It Is Okay for Artists to Make Moneyâ€¦No, Really, It’s Okay
From a Harvard Business School ‘Working Paper’ published June 3, 2009 by Robert D. Austin and Lee Devin:
When art and commerce are mentioned in the same sentence, many people become bad-tempered or think something needs fixing. This paper argues that more artists ought to make more money more often. Harvard Business School professor Robert Austin and theater dramaturg Lee Devin identify and undermine three fallacies about art and commerce, and suggest that it is necessary to carry on a more careful and less emotional conversation about the tensions between art and business and to overcome a general aversion to business common among artists and their patrons. They also stress the need to develop better theories about how art and commerce can achieve integration helpful to both. Key concepts include:
- The interests of art, artists, and business can be best served if more commerce enters into the world of art, not less.
- There are three fallacies, often implicit, about relationships between art and commerce: (1) art is a luxury and an indulgence, (2) art is clearly distinguishable from “non-art,” and (3) commerce dominates and corrupts art, and subverts its purpose.
- Good art should achieve appropriate commercial value consistently, not just occasionally. A conversation takes place when art and commerce are in tension, a conversation in which neither artists nor managers should dominate.
Pay My Rent
Alan M. Berks, writing on the blog Minnesota Playlist, June 28, 2009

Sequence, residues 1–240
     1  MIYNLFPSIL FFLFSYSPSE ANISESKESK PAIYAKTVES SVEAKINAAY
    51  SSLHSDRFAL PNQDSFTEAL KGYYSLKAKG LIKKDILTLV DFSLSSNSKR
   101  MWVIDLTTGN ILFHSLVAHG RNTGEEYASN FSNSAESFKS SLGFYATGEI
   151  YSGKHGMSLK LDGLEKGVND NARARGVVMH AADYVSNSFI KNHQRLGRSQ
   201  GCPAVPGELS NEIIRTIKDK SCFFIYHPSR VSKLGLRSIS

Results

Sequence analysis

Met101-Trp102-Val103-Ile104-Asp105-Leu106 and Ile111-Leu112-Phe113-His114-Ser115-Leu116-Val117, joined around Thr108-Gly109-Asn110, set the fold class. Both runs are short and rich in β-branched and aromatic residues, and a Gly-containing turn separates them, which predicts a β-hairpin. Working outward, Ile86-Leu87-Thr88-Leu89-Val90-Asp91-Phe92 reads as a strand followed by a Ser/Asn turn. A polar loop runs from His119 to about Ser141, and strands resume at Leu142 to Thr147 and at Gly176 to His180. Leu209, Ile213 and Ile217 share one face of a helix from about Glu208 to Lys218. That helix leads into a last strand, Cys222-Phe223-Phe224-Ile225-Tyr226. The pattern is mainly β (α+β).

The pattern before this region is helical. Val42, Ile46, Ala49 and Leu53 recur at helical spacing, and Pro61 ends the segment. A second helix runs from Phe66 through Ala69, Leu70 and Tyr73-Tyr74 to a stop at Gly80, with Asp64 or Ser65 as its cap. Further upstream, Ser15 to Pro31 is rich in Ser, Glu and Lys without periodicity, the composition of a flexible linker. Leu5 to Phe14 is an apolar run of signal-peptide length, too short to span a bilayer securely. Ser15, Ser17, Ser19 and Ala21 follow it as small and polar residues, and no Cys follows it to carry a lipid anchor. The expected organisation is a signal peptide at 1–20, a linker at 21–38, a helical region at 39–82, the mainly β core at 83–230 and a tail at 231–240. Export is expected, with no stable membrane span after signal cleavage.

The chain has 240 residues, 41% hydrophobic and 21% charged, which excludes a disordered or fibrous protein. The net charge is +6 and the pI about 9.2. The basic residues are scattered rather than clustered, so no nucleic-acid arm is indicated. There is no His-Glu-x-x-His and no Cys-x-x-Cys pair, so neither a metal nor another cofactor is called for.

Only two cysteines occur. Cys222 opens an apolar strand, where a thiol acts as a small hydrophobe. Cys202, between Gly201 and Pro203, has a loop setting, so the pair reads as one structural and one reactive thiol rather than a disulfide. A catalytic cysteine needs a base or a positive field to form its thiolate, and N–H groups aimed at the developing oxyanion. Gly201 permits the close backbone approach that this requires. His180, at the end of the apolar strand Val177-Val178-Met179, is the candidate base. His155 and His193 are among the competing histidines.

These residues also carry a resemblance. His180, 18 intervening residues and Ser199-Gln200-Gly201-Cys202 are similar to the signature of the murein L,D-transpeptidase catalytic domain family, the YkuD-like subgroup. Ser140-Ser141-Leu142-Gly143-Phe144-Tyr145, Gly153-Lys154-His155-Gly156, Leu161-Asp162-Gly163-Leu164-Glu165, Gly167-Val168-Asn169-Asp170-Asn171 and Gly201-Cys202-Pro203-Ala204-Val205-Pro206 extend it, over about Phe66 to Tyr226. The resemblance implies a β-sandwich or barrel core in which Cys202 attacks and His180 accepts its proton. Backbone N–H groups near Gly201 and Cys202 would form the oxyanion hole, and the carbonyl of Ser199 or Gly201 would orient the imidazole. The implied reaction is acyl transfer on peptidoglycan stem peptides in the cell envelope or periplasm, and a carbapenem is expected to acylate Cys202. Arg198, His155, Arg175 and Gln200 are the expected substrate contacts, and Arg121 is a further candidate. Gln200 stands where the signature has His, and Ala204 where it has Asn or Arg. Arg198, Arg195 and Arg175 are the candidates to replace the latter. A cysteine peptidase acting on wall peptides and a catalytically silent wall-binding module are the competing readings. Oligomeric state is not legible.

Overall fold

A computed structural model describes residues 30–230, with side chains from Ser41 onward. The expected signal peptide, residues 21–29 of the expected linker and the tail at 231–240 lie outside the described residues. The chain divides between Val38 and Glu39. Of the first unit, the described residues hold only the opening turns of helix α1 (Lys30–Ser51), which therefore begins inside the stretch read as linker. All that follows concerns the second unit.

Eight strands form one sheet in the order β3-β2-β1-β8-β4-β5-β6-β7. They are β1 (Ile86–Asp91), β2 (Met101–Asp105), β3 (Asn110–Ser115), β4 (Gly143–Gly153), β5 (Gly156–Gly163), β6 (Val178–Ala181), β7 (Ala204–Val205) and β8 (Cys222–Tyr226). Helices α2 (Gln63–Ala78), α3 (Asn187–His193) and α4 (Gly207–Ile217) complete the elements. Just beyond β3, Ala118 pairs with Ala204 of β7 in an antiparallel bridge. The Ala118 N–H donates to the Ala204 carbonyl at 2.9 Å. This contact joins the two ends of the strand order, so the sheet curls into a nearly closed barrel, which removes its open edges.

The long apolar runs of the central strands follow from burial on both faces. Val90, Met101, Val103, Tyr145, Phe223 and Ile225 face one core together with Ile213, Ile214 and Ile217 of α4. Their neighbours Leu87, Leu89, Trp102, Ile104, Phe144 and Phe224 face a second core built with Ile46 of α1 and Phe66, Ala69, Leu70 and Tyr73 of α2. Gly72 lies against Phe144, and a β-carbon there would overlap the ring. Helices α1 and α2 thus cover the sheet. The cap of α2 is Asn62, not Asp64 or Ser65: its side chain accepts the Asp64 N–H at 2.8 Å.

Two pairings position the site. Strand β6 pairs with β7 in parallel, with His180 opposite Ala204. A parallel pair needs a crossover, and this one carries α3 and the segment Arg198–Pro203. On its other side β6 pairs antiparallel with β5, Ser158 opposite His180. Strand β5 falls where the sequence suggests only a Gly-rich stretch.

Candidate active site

Would you feel comfortable with a part-time dentist? Someone who’s got some talent filling cavities and performing root canals but who only squeezes them in at night, after she comes home from the full-time job she does all day, typing at a desk, let’s say, to pay the bills? Or, do you think, the work is going to be a helluva lot better if your dentist could concentrate on the job full-time, all year round? What about your plumber, lawyer, electrician, and accountant? Why then do we accept a system where performing artists have almost no expectation of making a real career in their chosen profession?… I don’t believe that everyone who wants to do theater deserves a living wage. For most people, theater is always going to seem like more fun than dentistry, so more people will want to do it. I think that a market that squeezes young performing artists a little so that they have to choose whether they’re really committed to it is probably appropriate. But anyone who doesn’t think that theater is already a ruthlessly competitive market has no idea what an audition is.